Off-campus UMass Amherst users: To download campus access dissertations, please use the following link to log into our proxy server with your UMass Amherst user name and password.
Non-UMass Amherst users: Please talk to your librarian about requesting this dissertation through interlibrary loan.
Dissertations that have an embargo placed on them will not be available to anyone until the embargo expires.
Author ORCID Identifier
Open Access Dissertation
Doctor of Philosophy (PhD)
Year Degree Awarded
Month Degree Awarded
This dissertation will cover two separate topics. The first of these topics will be coverings of graphs. We will discuss a recent paper by Marcus, Spielman, and Srivastava proving the existence of infinite families of bipartite Ramanujan graphs for all regularities. The proof works by showing that for any d-regular Ramanujan graph, there exists an infinite tower of bipartite Ramanujan graphs in which each graph is a twofold covering of the previous one. Since twofold coverings of a graph correspond to ways of labeling the edges of the graph with elements of a group of order 2, we will generalize the content of the recent paper by discussing what happens when we label the edges of a graph by larger groups. We will give a version of their proof using threefold coverings instead of twofold coverings. We will also examine ways of reducing the size of the set of twofold coverings that we must consider when we follow the proof by Marcus, Spielman, and Srivastava.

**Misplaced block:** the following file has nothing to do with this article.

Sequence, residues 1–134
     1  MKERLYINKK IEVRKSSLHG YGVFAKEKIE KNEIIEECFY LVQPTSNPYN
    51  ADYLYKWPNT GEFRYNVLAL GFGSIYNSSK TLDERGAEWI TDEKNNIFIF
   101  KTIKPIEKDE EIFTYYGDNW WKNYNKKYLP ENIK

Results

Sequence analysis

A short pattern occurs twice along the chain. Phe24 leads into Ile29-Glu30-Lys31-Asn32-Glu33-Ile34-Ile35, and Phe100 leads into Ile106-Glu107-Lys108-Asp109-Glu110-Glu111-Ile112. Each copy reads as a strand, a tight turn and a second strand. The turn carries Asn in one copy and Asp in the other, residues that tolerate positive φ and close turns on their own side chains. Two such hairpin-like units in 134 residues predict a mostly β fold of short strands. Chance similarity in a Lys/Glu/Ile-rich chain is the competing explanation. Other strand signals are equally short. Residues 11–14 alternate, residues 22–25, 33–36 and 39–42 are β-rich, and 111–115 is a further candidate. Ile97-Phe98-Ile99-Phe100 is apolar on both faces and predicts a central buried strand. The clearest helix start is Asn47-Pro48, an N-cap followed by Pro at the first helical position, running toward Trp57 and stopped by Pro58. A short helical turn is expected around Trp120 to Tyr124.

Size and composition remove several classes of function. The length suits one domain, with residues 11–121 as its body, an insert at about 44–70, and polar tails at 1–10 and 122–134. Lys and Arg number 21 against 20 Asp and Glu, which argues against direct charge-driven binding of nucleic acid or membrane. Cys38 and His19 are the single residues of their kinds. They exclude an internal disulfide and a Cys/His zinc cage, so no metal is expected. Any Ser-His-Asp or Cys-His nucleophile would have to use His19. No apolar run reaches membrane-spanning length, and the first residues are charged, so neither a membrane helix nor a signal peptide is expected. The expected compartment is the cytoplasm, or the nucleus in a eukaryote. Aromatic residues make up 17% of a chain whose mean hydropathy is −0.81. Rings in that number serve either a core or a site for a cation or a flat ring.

The other topic that will be covered in this dissertation will be alternating trees and tiered trees. We will define a new generalization of alternating trees, which we will call tiered trees. We will also define a generalized weight system on these tiered trees. We will prove some enumerative results about tiered trees that demonstrate how they can be viewed as being obtained by applying certain procedures to certain types of alternating trees. We also provide a bijection between the set of permutations in Sn and the set of weight 0 alternating trees with n+1 vertices. We use this bijection to define a new statistic of permutations called the weight of a permutation, and use this weight to define a new q-Eulerian polynomial.
Glennon, Sam, "Coverings of Graphs and Tiered Trees" (2017). Doctoral Dissertations. 1092.